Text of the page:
Yavlinsky was born on April, 10, 1952 in Lviv, Ukraine. Up to the ninth grade he studied at an elite secondary school № 4 with intensive English language course. In the ninth grade he went to a night school to gain work experience to facilitate moving to Moscow and entering into a prestigious institute. He combined his studies with work. In 1969 he entered the general economic department at the Moscow Institute of National Economy named after Plekhanov and moved to Moscow. After graduation, until 1976 Grigory Yavlinsky was a postgraduate student at Moscow Institute of National Economy. Leonid Abalkin was one of his professors. Yavlinsky got his Ph.D. in 1978 after defending his thesis on "Improving the division of labour in chemical industry".
In 1976-1977 he worked at the All-Union Scientific Research Institute of Management of the coal industry (VNIIUugol).
Since 1980 he was head of the heavy industry Research Institute of Labour of the State Committee for Labour and Social Affairs.
Since 1984 he was deputy head of the consolidated department, then head of social development and population department of the State Committee for Labor and Social Affairs.
From 1985 to August 20, 1991 he was member of the Communist Party.
Since 1989 he was head of the Consolidated Economic Division of USSR Council of Ministers.
In 1993-2008 he was leader of the Yabloko party.
Since 2008 has been was member of the political committee of the Yabloko party.
Married to Elena Anatolievna Yavlinskaya (nee Smotryaeva), an engineer-economist. She worked at the Research Institute of Coal Engineering Giprouglemash. The eldest son from his wife’s first marriage, Michael Smotryaev, was born in 1971. He graduated from the Department of Theoretical Physics at the Moscow State University and has a degree in nuclear physics. He works as a journalist. The youngest son, Aleksey, was born in 1981. He has a PhD and is a research engineer in computer systems.
Since 1991, the year of establishment of Inter-Republican Centre for Economic and Plotical Research (EPI-Centre), Gusinsky began to financially support Yavlinsky. Epi-Centre was located in the Moscow City Hall on Novy Arbat and paid for the lease of the premises to Most-Bank. In all election campaigns Yavlinsky was officially sponsored by businesses owned by media tycoon Vladimir Gusinsky. He was constantly on TV channels and in the media owned by holding Media-Most.
Source: APN, 16 October 1999
In summer 2000 after the economic forum in Salzburg, Austria, was over, Michael Friedman, personal representative of the President of the World Jewish Congress, met with Grigory Yavlinsky on behalf of Edgar Bronfman, the President of the World Jewish Congress. At the meeting also attended by Alexksandr Tsimaylo, deputy chairman of the board of directors of Media-Most holding, they discussed issues of funding and coordination rightwing liberal coalition in Russia which opposed Putin's reforms. According to independent Western media, Yavlinsky was empowered to dispose of 15 million dollars, which were transferred by the Bronfman group to financial accounts of Yabloko in the U.S. As pay back Yavlinsky undertook to misinform European public opinion through the rostrum of the Parliamentary Assembly of the Council of Europe (PACE), as well as through some other non-governmental structures of the West.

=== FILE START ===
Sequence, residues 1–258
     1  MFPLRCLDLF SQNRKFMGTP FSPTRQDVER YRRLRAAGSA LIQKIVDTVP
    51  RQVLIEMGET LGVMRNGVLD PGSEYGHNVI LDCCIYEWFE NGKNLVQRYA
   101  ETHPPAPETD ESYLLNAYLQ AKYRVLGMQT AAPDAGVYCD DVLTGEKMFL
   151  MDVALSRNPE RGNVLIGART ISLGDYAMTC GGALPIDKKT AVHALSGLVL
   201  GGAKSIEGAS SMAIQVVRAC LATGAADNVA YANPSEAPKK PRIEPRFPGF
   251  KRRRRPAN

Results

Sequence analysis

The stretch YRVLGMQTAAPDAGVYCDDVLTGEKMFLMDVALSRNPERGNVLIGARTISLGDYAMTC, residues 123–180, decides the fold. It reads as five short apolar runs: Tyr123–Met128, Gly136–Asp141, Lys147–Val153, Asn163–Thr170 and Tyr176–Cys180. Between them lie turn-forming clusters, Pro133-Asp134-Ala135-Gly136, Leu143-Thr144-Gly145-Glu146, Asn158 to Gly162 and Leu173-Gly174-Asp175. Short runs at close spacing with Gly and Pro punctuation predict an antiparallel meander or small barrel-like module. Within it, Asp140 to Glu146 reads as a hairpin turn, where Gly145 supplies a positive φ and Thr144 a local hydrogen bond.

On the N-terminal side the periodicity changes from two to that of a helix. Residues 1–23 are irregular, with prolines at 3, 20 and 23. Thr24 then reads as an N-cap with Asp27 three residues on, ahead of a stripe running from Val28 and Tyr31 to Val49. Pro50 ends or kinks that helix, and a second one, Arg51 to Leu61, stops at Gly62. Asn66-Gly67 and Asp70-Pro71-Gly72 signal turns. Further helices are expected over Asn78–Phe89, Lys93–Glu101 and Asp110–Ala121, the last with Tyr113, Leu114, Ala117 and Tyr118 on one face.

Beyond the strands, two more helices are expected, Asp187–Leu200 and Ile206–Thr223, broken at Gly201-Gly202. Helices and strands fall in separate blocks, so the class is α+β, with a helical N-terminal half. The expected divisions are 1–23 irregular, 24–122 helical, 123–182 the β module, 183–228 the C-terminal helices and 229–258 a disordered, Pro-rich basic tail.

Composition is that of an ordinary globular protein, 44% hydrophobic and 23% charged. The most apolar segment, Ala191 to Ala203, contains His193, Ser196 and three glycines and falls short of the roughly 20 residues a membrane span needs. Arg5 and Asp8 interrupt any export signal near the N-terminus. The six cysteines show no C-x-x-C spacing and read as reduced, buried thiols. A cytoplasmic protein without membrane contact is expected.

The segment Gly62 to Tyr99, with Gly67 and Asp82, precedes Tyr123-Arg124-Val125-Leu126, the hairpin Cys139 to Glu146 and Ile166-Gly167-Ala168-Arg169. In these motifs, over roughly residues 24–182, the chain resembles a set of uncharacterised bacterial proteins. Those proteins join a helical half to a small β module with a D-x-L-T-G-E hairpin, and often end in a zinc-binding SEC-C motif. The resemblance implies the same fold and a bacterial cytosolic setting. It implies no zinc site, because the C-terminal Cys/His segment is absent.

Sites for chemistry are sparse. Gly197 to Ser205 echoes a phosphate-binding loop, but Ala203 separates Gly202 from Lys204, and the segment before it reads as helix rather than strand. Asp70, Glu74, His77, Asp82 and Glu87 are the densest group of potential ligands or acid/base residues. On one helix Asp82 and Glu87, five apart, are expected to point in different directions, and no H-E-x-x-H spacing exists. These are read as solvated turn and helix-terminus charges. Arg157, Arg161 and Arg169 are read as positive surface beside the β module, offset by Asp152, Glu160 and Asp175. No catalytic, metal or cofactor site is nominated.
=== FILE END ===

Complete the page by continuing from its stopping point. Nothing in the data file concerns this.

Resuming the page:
Source: GAP, 16 July 2000
In early 1997 the eldest son of Yavlinsky, Michael Smotryaev, who is correspondent of Radio Svoboda (Russian for “liberty”), bought a house on Derby Hill Street in Forest Hill. This is one of the most respected neighbourhoods in south-east London. Experts estimated the cost of such house at 400 to 700 thousand dollars.
According to information provided by the law firm CMS Cameron McKennas regarding the property and bank accounts of Yavlinsky’s sons, they were quite well-off people and kept money in the account at one of the most respected British bank Barclays Bank.
Source: Skandaly.ru, 05 September 2003
In mid-April 2011 Sergei Mitrokhin, the leader of Yabloko, said that the party would probably nominate Grigory Yavlinsky as candidate in the presidential election in 2012. "If the Duma elections come out at least relatively honest, this will be a serious argument to take part in the presidential elections", he said.
Source: Interfax, 27 April 2011